Wednesday, September 2, 2009

The Stoic Carrot has no Stick - Unpublished Selections Explained, Med. VIII.26

Meditation VIII.26 - The Stoic Carrot has no Stick - Translated by George Long and rewritten by Russell McNeil

It is satisfaction to a human to do the proper works of a human.1 Now it is a proper work of a human to be benevolent to others, to despise the movements of the senses, to form a just judgment of plausible appearances, and to take a survey of the nature of the universe and of the things which happen in it.2,3


(1) What is proper for a human being is to follow the directives of the superior faculty - that is reason. Human beings live according to nature when they follow reason. While it is possible to willfully live in opposition to nature (we have free will), no Stoic ever presumes that those who live in opposition to nature do so willfully. The preferred Stoic stance is that those who live in opposition to nature do so from ignorance. The willful rejection of reason is morally equivalent to the Christian concept of the unforgivable sin - the willing rejection of God's love. The difference in Stoicism is that a rejection of reason is equivalent to the rejection of the self, because we are defined in Stoicism by the reason or Logos in us (see also Meditation IX.38).

(2) Our first duty is to be benevolent to others. This is not an injunction from scripture (there is no Stoic scripture) or from God (there is no Stoic God) or from human authority (there are no human authorities). This is the will of nature, and it follows from "a survey of the nature of the universe and of the things which happen in it." Drawing or inferring moral conclusions from physical laws requires close attention to the nature of things. But this is what Stoicism does. The study of physics (broadly understood as the Law of nature), or nature generally, demonstrates that sentient life is communal. Malevolence toward others is non-rational, or in opposition to the Law of nature.

Marcus does not say we should despise the senses, only the "movements" of the senses. The senses are geared to the body and they ought only inform the body to respond in appropriate ways (to eat, to sleep, to exercise, or to seek emotional release). But if the actions of the body (in response to a desire for pleasure or the avoidance of pain) lead the mind to act (or move) in opposition to our fundamentally benevolent nature we ought to despise these movements. Nothing we do in our lives should ever restrict our fundamental duty toward others. This seems an impossible task - just as the eight beatitudes (Matthew 5:3-10 - see note 3 below) from Christ's Sermon on the Mount (which were certainly inspired by Stoicism) seem impossible to a Christian. But as Christianity offers eternal salvation as the carrot and promise for its life long program, Stoicism maintains that in despising the movements of the senses we will experience peace and serenity - not as a heavenly reward, but in the here and now. This Stoic carrot - immediate "satisfaction" - has a more appealing flavor and is delivered without the stick.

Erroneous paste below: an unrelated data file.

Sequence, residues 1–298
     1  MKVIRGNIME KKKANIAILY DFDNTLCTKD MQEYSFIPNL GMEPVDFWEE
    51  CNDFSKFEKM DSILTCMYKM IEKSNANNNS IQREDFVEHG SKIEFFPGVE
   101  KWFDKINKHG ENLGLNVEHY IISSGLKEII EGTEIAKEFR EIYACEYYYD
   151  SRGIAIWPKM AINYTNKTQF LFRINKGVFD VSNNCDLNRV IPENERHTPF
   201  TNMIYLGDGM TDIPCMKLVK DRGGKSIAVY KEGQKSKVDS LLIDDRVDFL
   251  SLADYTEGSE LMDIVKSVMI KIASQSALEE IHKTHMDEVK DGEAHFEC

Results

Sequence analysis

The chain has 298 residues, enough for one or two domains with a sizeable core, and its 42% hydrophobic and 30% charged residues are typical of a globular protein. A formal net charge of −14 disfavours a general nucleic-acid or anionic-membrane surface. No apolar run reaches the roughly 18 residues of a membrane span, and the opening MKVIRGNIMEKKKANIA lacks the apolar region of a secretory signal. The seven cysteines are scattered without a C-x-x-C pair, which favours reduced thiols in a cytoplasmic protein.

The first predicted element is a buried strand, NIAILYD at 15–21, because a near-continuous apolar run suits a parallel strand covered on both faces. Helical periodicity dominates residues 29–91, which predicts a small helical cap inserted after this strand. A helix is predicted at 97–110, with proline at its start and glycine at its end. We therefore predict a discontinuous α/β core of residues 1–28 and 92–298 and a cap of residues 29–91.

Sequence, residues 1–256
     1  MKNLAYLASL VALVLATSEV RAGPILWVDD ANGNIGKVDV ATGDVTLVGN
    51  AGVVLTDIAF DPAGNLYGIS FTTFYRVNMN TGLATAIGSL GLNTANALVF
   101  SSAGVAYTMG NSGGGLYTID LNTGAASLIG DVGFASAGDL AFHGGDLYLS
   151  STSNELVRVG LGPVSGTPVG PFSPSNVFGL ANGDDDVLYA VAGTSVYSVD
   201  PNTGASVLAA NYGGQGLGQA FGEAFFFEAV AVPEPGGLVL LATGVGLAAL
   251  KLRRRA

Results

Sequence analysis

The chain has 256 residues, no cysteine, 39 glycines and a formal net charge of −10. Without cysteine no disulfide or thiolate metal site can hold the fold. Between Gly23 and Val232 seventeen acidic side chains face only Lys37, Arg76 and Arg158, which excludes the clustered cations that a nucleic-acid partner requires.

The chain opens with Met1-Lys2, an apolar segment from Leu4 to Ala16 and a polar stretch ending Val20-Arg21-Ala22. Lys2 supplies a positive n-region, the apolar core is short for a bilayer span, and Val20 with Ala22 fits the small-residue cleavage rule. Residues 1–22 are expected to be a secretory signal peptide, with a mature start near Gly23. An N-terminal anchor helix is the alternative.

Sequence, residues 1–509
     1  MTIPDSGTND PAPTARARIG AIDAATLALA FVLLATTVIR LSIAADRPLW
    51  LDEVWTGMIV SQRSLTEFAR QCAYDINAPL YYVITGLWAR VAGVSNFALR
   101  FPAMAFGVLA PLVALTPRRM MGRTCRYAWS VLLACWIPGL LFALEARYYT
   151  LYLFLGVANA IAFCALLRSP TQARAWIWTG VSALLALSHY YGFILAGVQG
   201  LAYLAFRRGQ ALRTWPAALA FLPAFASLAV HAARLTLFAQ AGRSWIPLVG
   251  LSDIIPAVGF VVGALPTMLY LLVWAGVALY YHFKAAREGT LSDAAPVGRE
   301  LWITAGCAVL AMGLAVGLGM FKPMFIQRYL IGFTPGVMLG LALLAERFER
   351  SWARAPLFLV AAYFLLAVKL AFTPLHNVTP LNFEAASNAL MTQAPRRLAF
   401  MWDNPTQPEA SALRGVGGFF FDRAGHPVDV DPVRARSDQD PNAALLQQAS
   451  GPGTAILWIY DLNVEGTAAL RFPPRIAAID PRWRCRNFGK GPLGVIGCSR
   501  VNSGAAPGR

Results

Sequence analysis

(3) The eight beatitudes below conform to Stoic principles (substitute Logos for God). They articulate (in part) what Stoic benevolence requires. These ideas were sourced in Stoic, Platonic and neoplatonic writings, including those of Seneca (4 BCE – 65 CE) and especially Cicero's (106 BCE - 43 BCE) De Officiis. There would have been no Christian theology or philosophy were it not for these contributions of Greco-Roman wisdom.

Blessed are the poor in spirit,
for theirs is the kingdom of heaven.

Blessed are they who mourn,
for they shall be comforted.

Blessed are the meek,
for they shall inherit the earth.

Blessed are they who hunger and thirst for righteousness,
for they shall be satisfied.

Blessed are the merciful,
for they shall obtain mercy.

Blessed are the pure of heart,
for they shall see God.

Blessed are the peacemakers,
for they shall be called children of God.

Blessed are they who are persecuted for the sake of righteousness,
for theirs is the kingdom of heaven.

Russell McNeil, PhD, is the author of The Meditations of Marcus Aurelius: Selections Annotated and Explained by Skylight Paths Publishing. The unpublished selections presented in this Blog are provided as supplemental material to the published selections which are annotated and explained in the book. The published selections are referenced in this Blog by page number and section.

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